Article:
Info chief: Not practical to contact press blagging targets

The Information Commissioner appeared to rule out the possibility of contacting every suspected victim of convicted private investigator Steve Whittamore – stating that to do so would be a 'phenomenal undertaking".

After raiding Whittamore's home in 2003 as part of Operation Motorman police seized a cache of handwritten records documenting thousands of requests for information from journalists, made by 305 reporters from 31 publications across the UK.

As reported by Press Gazette earlier today, the campaign group Hacked Off has written to Information Commissioner, Christopher Graham, asking him to release the details of individuals targeted by Whittamore between 1999 and 2005.

If he refused the group said it could seek judicial review of his decision.

Giving evidence to the inquiry this morning, Graham said that a 'fair number'of people had already accessed the Motorman files as a result of court orders and 'subject access requests'to his office.

Graham said he was open to further individual requests but said the difficulty in contacting every potential target of Whittamore 'lies in the nature of the dossiers themselves".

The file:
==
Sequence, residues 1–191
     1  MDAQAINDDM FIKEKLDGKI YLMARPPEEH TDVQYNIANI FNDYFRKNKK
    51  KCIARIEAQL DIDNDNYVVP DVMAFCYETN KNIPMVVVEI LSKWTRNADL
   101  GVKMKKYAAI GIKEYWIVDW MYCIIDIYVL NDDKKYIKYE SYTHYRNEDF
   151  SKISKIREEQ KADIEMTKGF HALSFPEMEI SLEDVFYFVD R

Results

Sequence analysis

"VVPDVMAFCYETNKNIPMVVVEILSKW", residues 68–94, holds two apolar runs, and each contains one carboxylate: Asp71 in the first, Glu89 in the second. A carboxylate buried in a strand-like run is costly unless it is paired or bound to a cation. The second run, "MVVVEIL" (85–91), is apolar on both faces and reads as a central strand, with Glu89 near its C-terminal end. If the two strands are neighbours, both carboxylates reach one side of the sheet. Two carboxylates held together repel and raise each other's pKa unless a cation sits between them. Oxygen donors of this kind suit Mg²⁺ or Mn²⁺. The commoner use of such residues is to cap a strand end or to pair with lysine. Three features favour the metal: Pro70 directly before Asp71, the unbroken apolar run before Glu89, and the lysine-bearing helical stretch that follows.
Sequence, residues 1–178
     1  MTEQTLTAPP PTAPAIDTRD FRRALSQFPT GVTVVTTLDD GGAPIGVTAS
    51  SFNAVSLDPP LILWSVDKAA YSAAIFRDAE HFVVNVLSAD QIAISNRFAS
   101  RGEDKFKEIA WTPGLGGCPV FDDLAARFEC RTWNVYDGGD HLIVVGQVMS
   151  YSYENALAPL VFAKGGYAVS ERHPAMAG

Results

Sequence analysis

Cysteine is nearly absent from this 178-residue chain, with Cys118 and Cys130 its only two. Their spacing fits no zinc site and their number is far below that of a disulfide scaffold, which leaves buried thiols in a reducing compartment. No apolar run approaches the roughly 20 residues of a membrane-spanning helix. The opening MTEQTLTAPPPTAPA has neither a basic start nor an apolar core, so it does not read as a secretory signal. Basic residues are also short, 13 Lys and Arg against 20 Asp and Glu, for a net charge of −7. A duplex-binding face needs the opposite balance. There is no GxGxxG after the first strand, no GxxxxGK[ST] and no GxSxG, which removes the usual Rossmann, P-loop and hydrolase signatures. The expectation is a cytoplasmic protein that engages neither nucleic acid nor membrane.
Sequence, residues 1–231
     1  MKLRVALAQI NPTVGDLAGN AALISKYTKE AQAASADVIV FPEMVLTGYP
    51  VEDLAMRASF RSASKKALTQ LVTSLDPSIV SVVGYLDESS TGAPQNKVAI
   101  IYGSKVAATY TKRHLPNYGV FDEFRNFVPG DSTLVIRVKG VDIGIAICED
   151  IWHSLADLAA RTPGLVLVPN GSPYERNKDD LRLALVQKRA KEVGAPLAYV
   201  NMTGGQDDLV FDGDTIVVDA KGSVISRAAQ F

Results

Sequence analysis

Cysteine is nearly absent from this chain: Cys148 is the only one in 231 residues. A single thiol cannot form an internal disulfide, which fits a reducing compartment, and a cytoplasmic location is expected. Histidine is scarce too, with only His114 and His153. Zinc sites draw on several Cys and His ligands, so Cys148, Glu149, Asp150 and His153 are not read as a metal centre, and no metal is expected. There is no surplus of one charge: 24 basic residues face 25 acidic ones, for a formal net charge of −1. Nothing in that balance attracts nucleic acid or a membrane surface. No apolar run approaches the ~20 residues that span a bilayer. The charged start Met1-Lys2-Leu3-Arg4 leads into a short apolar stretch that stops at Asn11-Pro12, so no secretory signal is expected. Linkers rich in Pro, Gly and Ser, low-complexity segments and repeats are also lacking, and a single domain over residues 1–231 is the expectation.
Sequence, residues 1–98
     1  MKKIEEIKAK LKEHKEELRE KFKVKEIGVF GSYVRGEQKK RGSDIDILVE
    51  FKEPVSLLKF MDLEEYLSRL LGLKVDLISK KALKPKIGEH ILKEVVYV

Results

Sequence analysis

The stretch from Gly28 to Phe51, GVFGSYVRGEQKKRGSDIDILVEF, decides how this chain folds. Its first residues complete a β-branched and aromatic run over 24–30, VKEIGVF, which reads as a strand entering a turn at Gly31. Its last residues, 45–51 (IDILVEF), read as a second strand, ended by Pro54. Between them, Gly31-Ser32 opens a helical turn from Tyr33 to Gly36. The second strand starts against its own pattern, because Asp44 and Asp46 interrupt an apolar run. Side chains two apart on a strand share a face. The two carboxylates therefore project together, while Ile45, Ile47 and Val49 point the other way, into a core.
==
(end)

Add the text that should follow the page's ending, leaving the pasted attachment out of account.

'These are notebooks and sometimes the information contained in them is deeply obscure,'he said.

'I said in my witness statement that the individual who made the notes must have had a perfect understanding of what he was intending, but it isn't always clear.'

He added: 'If you said to me you ought to notify everybody whose name appears in the Motorman files, I'd be hard pressed to do that. It isn't just a question of resources – it isn't immediately clear who's being referred to.

'It isn't just celebrities, it's all sort of people who may or may not be part of a story concerning a celebrity, or whoever it is. It's just a name, sometimes it's just a surname.

'I think [ex-Information Commissioner] Richard Thomas put the point very well in his response to you on this matter when he said, if having established the identity of the individual and their address we wrote to them to say simply, 'You're details appear in the Motorman file, we can't tell you why', that might be an even greater breach of privacy than the original offence, because there would be a suggestion there's no smoke without fire.

'Other members of the family might see the letter and say, 'What's going on?', and I couldn't tell them anymore than a name appears in a file.

'It would be a phenomenal undertaking and just because there's a name John Smith I would then have to work out which John Smith.

'The example I gave to the select committee was Ziggy Stardust - that's a bit easier to do but there are an awful lot of very anonymous names and it simply isn't practical."

He said that if Hacked Off and its lawyers were representing particular individuals who wanted to access the Motorman files they were free to submit subject access requests.

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